Right to counsel

Key_development Question_mark

Legislation, Abuse/Neglect/Dependency - Accused Parents

Colo. Rev. Stat. § 19-3-202(1) provides that for dependency/neglect proceedings,


At the first appearance of a respondent parent, guardian, or legal custodian, the court shall fully advise the respondent of the respondent's legal rights, including the right to a jury trial, the right to be represented by counsel at every stage of the proceedings, and the right to seek the appointment of counsel through the office of respondent parents' counsel established in section 13-92-103, if the respondent is unable to financially secure counsel on the respondent's own.


See also People ex rel. Z.P., 167 P.3d 211, 213 (Colo. App. 2007) (“An indigent parent has a statutory right to court-appointed counsel in a dependency and neglect proceeding.”).


In In re J.B, the court stated that because "[p]roceedings in dependency or neglect affect important rights . . . there must be substantial compliance with statutory requirements for the conduct of those proceedings." 702 P.2d 753 (Colo. App. 1985).  The court then found that the Legislature's use of the term "shall" indicated that, under the statutes at issue, the provision of counsel was mandatory upon the parent's request, and that the court's failure to provide counsel for a portion of the review proceedings in the instant case did not "constitute substantial compliance" with the statute.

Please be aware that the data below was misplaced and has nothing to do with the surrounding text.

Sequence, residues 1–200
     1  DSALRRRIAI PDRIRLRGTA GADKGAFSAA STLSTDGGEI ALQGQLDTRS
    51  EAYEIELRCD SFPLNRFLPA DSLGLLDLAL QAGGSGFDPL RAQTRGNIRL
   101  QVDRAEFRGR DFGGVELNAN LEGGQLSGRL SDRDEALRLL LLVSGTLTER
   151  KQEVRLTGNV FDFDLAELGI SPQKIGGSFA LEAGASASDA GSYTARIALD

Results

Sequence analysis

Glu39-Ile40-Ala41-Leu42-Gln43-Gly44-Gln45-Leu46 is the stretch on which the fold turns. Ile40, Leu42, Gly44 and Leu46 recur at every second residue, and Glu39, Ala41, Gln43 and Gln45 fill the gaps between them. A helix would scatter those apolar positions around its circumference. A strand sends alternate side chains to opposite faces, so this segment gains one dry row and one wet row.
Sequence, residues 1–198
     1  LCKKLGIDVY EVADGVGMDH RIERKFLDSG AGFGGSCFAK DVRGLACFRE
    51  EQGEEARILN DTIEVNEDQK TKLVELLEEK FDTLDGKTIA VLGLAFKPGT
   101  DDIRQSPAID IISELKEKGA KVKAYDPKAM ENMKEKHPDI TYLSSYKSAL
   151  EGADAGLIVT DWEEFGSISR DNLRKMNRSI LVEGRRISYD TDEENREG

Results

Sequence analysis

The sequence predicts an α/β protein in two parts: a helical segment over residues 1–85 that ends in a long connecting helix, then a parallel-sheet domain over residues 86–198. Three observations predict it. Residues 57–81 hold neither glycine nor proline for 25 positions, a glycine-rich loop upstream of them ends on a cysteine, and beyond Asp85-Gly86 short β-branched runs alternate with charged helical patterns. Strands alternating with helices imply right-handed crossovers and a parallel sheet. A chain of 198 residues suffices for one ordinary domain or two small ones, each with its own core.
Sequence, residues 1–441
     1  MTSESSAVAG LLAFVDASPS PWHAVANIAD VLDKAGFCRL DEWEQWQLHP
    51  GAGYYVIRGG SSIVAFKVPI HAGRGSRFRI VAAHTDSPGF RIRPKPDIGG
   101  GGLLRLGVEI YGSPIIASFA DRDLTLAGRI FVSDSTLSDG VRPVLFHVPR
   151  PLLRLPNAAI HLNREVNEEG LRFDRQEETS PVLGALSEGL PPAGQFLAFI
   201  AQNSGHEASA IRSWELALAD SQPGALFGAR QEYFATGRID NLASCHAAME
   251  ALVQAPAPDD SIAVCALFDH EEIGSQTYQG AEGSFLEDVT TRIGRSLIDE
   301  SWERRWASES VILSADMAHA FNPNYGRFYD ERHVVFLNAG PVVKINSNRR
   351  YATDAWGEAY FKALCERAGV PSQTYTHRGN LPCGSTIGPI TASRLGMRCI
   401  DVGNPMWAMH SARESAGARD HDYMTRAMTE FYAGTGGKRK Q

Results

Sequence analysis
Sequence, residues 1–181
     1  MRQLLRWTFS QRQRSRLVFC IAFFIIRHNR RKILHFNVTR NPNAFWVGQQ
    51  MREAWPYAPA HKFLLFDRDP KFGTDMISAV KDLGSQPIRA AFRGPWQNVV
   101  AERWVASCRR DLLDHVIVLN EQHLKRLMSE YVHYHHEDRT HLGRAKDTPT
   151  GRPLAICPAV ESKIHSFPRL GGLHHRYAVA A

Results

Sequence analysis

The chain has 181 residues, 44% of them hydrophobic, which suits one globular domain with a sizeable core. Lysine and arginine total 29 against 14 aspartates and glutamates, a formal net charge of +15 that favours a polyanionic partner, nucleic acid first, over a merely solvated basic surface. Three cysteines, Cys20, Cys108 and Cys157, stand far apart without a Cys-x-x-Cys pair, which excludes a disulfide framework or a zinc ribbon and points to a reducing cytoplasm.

As to waiver, although "[w]aiver of a statutory right to counsel must be voluntary", the right can be waived, including impliedly in extreme circumstances. People in Interest of M.G.O., 22CA1404 (Colo. App. Sept. 7, 2023) (unpublished) (citing People in Interest of M.G., 128 P.3d 332, 334 [Colo. App. 2005] and People in Interest of B.H., 488 P.3d 1026, 1040 [Colo. 2021]).  Waiver of counsel on appeal is a mixed question of law and fact. Id. at para. 13 (internal citations omitted).

In May 2023, Colorado enacted SB 39, which amended Colo. Rev. Stat. § 19-3-202(1) to require the court to appoint counsel for respondents who are incarcerated or involuntarily committed unless "the court determines the respondent is able to financially secure counsel on the respondent's own or the respondent chooses to proceed without counsel."  In its Legislative declaration, the general assembly acknowledged that “[t]he incarceration of a parent disproportionately affects children of color …” and emphasized that “decisions to terminate parental rights should be based on the needs of the child, and not solely on the status of the parent as incarcerated or the length of the sentence.” S.B. 39, 74th Gen. Assemb., Reg. Sess. (Colo. 2023).

Appointment of Counsel: categorical Qualified: no